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I have a set of methods where I would like the caller to be able to override a value, or it defaults to the instance variable.

So what I keep trying to do is:

method foo( Str :$blah = $self->blah ) {
    #doStuff
}

which throws a parsing error so I end up doing this everywhere

method foo( Str :$blah? ) {
    $blah = $self->blah unless defined $blah;
    #doStuff
}

Not horrendous, but seems silly when MooseX::Method::Signatures supports the default concept and has fixed all my other standard 'start of method' lines.

Invariably when I'm trying to do something like this and I can't find anyone else on the web who's run into the same problems, I'm approaching the problem the wrong way. It seems like I might be trying to jam a functional program into a oo layout, rather than actual oo as the methods are more helper functions for calling externally rather than methods operating on the object. So just checking if I'm just defining it incorrectly or if what I'm doing is "dumb" or just not supported by Parse::Method::Signatures.

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1 Answer 1

up vote 1 down vote accepted

AFAIK The Signatures module hooks itself into the Perl parser and injects some code to handle the prototypes. It is remarkable that this works.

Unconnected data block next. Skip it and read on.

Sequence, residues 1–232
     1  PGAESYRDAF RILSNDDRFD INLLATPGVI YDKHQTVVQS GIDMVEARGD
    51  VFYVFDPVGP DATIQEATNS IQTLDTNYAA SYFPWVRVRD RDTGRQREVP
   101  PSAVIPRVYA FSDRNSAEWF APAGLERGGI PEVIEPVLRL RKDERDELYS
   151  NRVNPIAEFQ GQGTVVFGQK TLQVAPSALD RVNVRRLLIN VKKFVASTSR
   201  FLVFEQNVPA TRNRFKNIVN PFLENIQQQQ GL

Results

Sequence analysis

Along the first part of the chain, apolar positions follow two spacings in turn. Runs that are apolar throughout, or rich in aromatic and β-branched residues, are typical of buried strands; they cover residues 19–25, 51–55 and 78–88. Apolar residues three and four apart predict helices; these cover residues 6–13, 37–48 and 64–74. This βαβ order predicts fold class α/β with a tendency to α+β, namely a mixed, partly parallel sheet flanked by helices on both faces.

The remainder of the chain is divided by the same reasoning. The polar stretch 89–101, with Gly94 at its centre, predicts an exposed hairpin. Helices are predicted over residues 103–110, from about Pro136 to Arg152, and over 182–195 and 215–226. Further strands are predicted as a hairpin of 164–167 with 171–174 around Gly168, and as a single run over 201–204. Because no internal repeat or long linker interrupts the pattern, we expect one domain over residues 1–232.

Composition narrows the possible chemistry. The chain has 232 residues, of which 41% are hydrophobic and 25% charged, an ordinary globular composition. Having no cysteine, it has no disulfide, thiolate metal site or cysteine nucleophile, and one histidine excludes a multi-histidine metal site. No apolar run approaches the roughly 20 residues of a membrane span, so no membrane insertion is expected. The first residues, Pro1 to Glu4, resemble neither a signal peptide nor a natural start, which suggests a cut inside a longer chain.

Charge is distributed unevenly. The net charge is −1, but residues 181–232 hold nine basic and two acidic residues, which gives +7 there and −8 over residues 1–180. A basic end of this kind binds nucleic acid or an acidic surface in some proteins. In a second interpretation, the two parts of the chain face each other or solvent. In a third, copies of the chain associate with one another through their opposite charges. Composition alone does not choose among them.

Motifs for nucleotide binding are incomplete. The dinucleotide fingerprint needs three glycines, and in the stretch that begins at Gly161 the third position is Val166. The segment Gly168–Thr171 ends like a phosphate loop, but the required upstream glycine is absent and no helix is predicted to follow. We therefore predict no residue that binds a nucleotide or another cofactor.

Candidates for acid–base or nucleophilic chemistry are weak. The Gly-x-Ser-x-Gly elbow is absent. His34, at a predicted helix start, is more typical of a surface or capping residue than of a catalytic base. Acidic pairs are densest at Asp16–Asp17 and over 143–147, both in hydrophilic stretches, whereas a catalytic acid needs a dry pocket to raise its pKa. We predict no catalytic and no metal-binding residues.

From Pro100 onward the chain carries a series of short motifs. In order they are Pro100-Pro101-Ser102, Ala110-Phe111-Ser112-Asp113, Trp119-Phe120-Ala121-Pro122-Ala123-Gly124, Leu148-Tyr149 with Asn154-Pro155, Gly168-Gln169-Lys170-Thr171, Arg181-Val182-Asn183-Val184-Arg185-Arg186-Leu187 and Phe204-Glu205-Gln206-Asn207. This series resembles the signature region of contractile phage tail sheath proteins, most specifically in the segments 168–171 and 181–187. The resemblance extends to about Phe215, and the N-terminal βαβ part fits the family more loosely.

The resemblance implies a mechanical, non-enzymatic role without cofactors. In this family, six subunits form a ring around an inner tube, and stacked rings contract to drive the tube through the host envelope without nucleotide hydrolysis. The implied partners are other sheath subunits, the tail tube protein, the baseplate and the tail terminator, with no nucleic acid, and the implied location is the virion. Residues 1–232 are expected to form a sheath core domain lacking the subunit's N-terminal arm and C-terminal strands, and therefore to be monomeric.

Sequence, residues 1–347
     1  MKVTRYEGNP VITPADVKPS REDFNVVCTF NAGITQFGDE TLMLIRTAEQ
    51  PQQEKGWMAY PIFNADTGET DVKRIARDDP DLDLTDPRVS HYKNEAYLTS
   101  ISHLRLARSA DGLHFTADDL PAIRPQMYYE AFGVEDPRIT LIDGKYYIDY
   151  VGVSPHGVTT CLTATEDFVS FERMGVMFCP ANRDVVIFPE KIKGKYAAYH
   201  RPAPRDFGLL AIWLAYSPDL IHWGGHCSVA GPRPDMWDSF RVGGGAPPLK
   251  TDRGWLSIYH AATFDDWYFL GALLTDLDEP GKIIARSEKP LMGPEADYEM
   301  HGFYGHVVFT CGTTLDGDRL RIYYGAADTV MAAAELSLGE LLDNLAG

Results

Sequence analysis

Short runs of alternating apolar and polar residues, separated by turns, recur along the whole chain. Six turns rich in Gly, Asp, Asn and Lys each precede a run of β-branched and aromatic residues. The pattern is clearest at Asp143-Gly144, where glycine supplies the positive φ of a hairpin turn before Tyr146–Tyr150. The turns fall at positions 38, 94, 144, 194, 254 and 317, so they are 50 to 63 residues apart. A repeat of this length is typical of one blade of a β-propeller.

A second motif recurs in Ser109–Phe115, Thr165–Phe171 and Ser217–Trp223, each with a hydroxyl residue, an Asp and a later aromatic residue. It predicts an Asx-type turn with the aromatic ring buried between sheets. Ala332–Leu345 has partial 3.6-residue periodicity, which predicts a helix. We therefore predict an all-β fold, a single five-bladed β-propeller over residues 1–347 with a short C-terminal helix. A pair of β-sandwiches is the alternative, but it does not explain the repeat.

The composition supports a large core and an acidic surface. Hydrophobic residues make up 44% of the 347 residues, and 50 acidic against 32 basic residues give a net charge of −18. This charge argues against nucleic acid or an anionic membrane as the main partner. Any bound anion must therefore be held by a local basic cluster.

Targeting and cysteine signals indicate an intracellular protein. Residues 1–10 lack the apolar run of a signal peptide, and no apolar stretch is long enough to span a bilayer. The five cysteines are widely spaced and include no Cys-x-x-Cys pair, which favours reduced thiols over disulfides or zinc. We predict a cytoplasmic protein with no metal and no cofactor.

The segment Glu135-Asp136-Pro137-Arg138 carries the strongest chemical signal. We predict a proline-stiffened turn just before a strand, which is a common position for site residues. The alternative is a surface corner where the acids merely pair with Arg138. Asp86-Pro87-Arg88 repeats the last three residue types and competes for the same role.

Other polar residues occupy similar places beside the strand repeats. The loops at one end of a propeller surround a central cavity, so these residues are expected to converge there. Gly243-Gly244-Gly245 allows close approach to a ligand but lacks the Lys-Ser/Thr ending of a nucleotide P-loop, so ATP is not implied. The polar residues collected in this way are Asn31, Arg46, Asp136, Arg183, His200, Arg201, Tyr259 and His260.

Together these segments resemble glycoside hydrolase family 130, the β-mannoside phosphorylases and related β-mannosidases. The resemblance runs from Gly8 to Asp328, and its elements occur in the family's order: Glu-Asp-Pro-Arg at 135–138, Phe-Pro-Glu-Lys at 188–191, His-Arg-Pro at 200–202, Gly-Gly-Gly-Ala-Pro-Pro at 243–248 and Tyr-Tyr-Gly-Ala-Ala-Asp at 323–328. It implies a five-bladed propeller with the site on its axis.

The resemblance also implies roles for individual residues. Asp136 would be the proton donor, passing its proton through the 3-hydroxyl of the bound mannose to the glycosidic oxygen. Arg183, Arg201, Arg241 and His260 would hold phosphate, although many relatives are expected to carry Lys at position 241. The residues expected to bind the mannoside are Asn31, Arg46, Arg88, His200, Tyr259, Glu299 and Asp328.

That said, using non-constant values as defaults could have issues. And there may be scenarios where calling some code to prepopulate a value could wreak havoc. Specifically, should the code that prepopulates the value should only be called if no value for the argument is given, or should it be always called? What should we do with side effects? What should the caller be? If I have a global $self object, shouldn't that receive the method call, as the scoping rules clearly dictate this? (As our $x=5; my $x=$x; is valid, but just my $x=$x is not). Even better, what would happen if the default value population method call would call the same method, but again without a value for the optional parameter?

You can always fall back to old-school optional parameters:

sub foo {
  my ($self, $blah) = @_;
  # something like my ($self, $blah) = (@_, $self->blah); wouldn't work, of course.
  $blah //= $self->blah; # nicer than old `unless defined`
  ...;
}

or, in this case:

method foo (:$blah?) {
   $blah //= $self->blah
}

I find this use of the defined-or operator quite enjoyable.

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I see where you're going with the non constant values stuff. In my head I was expecting the call to work just as the unless defined or //= code would. This being based on the assumption, which could be entirely baseless, that the method signatures are parsed into the subs they represent and injected and that it would leave $self alone for the actual method call. Might be time to poke around the sources and see what it actually does. Thanks for the defined-or tip, hadn't seen that one before. –  Matt Dec 5 '12 at 14:49

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